MCO a tailwind for Pos Malaysia’s turnaround plan

This article first appeared in The Edge Malaysia Weekly, on September 14, 2020 - September 20, 2020.
Najib: Originally, we forecast to break even by the end of FY2021. But now, [we think] we can hit break-even point by the third quarter and be profitable by the fourth quarter. (Photo by Haris Hassan/The Edge)

Najib: Originally, we forecast to break even by the end of FY2021. But now, [we think] we can hit break-even point by the third quarter and be profitable by the fourth quarter. (Photo by Haris Hassan/The Edge)

-A +A

POS Malaysia Bhd, which is in the second year of its five-year transformation plan, is confident of returning to the black in the financial year ending Dec 31, 2021 (FY2021), fuelled by increased postal revenue from its SendParcels business as well as measures to increase the efficiency of its operations.

Speaking to The Edge in an exclusive interview last week, Pos Malaysia group CEO Syed Md Najib Syed Md Noor says the group’s original plan to break even by the end of FY2021 has been expedited by a year owing to Covid-19.

“A lot of our forecasts and plan had been expedited because of the Movement Control Order (MCO). It would be fair for me to say that our plan has been fast-forwarded by about a year owing to the increase in demand for SendParcel’s services during the MCO period.

“Originally, we forecast to break even by the end of FY2021. But now, [we think] we can hit break-even point by the third quarter and be profitable by the fourth quarter. If the trend of increased demand for e-commerce continues, we are hopeful of reaching this target,” says Najib.

Pos Malaysia saw its net loss in the second quarter ended June 30, 2020 (2QFY2020) narrowing to RM19.02 million from RM49.22 million in the preceding quarter, while revenue increased 8.5% to RM606.08 million over the same period.

There is no year-on-year comparison as the group had changed its financial year-end to Dec 31 from March 31 in August last year. The RM19.02 million loss was the smallest recorded since the quarter ended June 30, 2019, when it registered a net loss of RM15.1 million.

In 2QFY2020, the group’s postal services actually turned a small profit of around RM4 million, reducing the segment’s overall loss in the first half ended June 30 to RM45.7 million, from RM49.9 million at the end of March 2020.

According to Pos Malaysia, the turnaround of its postal services in 2QFY2020 was also boosted by the implementation of higher postal tariffs starting Feb 1, besides the higher volume of parcels processed and delivered.

“The MCO actually boosted demand for SendParcel’s services. Right now, we are nearing two million parcels a month. Since it was launched in September last year, we have processed around 3.3 million parcels,” says Pos Malaysia’s postal services CEO Rozaidi Md Sharif.

Plans for more fulfilment centres

To improve the efficiency of its parcel delivery services, Pos Malaysia is developing more fully automated integrated fulfilment centres across the country, says Rozaidi. For a start, a facility located in Senai Airport in Johor will be completed next year.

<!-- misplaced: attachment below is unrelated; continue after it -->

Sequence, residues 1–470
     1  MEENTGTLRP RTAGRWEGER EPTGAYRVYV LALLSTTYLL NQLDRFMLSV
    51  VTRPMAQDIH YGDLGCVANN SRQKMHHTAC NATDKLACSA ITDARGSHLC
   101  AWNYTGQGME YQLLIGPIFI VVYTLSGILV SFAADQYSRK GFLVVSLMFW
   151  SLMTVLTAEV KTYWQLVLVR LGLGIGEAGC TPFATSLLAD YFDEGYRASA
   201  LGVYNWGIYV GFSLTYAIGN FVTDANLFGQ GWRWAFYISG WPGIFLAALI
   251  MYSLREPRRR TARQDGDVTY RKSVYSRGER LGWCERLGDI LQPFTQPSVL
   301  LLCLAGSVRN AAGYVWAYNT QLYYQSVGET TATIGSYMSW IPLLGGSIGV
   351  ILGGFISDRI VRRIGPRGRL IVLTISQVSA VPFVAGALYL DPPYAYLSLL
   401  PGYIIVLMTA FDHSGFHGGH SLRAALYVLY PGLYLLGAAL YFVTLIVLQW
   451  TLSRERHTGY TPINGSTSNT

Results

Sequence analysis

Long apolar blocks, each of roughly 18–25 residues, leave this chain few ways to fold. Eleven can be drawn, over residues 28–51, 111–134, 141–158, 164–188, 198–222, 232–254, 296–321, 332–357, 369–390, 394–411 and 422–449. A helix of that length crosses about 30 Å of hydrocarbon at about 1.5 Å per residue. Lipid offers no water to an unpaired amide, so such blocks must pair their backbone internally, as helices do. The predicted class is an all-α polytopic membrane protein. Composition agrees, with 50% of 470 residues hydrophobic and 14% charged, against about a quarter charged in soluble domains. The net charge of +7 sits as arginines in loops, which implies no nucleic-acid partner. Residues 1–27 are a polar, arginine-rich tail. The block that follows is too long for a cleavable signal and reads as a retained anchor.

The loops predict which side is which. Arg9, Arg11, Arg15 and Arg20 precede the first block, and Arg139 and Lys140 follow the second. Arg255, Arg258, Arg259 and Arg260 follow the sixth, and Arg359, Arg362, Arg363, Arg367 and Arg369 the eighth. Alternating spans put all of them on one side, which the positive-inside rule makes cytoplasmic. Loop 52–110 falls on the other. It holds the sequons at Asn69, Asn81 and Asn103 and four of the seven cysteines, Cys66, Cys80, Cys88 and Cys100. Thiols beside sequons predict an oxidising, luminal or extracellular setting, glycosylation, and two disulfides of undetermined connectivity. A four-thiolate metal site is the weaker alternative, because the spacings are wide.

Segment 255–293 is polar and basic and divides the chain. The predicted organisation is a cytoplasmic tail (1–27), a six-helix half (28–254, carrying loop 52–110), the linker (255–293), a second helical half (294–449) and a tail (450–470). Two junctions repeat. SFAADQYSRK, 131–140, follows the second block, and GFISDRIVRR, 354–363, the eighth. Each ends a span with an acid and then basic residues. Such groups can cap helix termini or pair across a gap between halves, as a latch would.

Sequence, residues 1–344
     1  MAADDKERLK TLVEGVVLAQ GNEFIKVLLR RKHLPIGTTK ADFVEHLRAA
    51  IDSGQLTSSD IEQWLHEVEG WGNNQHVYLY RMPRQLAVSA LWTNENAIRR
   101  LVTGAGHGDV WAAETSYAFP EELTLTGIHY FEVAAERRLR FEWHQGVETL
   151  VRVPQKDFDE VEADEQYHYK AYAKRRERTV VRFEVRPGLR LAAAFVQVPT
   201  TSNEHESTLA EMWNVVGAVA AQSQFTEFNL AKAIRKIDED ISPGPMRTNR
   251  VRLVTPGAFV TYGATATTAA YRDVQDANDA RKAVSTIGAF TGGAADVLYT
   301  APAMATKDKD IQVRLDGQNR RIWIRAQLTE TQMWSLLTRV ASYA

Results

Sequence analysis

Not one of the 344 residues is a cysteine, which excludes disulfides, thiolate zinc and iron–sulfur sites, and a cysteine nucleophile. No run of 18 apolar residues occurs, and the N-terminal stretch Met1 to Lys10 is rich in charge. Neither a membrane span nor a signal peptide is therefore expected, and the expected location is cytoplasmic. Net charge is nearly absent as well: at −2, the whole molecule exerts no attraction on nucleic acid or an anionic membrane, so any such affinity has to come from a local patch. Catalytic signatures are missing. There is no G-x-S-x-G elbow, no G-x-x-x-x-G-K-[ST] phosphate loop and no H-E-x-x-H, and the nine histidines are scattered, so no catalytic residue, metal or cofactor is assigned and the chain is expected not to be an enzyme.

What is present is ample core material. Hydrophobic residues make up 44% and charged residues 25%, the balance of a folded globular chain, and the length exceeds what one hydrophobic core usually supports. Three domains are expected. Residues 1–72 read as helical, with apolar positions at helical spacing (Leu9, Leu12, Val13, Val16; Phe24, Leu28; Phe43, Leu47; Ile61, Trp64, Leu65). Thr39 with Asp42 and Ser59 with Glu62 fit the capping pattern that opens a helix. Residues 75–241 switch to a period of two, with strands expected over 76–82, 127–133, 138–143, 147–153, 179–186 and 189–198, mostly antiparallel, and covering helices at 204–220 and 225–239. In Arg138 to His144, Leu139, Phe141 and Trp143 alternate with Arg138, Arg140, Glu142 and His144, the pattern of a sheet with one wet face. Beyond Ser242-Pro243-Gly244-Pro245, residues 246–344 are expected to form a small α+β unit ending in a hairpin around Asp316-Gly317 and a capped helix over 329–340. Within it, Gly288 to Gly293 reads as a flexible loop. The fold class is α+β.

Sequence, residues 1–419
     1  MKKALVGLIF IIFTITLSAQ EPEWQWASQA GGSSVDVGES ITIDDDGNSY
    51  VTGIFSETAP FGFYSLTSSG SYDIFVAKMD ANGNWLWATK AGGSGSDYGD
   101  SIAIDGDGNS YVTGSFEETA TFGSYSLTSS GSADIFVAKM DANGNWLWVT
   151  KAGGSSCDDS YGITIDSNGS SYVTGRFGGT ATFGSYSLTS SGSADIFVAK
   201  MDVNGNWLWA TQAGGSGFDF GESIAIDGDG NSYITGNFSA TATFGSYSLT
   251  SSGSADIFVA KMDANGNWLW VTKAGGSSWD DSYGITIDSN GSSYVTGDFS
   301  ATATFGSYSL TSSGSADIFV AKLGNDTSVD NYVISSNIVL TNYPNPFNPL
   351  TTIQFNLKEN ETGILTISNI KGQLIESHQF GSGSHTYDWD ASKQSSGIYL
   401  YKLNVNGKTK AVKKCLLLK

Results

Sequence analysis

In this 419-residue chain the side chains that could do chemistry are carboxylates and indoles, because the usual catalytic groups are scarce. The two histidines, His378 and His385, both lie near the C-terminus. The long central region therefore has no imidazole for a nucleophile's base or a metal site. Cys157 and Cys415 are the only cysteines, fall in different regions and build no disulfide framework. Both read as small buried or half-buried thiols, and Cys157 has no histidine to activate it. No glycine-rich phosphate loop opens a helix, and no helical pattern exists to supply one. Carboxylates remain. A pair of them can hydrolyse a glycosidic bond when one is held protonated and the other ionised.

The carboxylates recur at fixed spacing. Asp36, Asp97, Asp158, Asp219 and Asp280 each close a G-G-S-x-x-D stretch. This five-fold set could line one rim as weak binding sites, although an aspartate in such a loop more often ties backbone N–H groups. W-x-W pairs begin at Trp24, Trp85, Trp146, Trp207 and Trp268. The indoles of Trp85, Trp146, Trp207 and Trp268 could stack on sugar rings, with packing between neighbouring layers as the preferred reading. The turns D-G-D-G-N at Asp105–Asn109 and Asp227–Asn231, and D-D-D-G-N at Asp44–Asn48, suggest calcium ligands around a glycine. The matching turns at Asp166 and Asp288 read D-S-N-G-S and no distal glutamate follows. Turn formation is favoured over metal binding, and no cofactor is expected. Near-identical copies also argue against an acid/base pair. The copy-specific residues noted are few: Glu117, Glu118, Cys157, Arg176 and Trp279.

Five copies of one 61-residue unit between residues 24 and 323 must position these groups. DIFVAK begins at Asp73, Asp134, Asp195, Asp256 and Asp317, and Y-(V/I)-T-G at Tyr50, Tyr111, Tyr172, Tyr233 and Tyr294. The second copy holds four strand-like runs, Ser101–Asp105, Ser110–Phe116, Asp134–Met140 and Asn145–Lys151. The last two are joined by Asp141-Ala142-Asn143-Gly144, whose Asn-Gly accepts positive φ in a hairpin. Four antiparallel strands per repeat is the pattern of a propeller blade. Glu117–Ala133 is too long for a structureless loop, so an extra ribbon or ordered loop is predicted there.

A fulfilment centre is where goods are sorted, stored, packed before delivery to customers.

Pos Malaysia’s facility in Senai Airport costs RM40 million to build, and will be able to process 120,000 parcels a day, Rozaidi says. It will also allow Pos Malaysia to provide next-day delivery for parcels in the southern region, he adds.

Over the next two years, Pos Malaysia will be spending RM300 million to develop more of these fulfilment centres in the northern region, east coast, Sabah and Sarawak, to complement its central integrated processing facilities in Shah Alam and Kuala Lumpur International Airport, says Rozaidi.

Once all these facilities are up and running, Pos Malaysia will be able to guarantee delivery within 24 hours to all locations across Peninsular Malaysia, even if the parcels are sent from Arau in Perlis to Pengerang in Johor, he says.

During the MCO, when it had to cope with the increase in number of parcels received, Pos Malaysia had provided 1,400 jobs for delivery partners to deliver the parcels under a programme called “Pos Riders”. This way, not only was it able to create job opportunities for Malaysians who had lost their income because of the MCO, but it was also able to manage its fixed costs from rising, Najib explains.

“The critical part for us is last-mile delivery. During the MCO, we were able to deliver a lot more parcels with the help of the delivery partners. In actual fact, the number of delivery partners is still not enough, but we were able to cope during the period,” says Najib.

Over the last 18 months, Pos Malaysia processed an average of 487,000 parcels a day, peaking at 800,000 parcels a day. If it had increased its manpower in tandem with the rise in the number of parcels, fixed costs would also have increased, he says.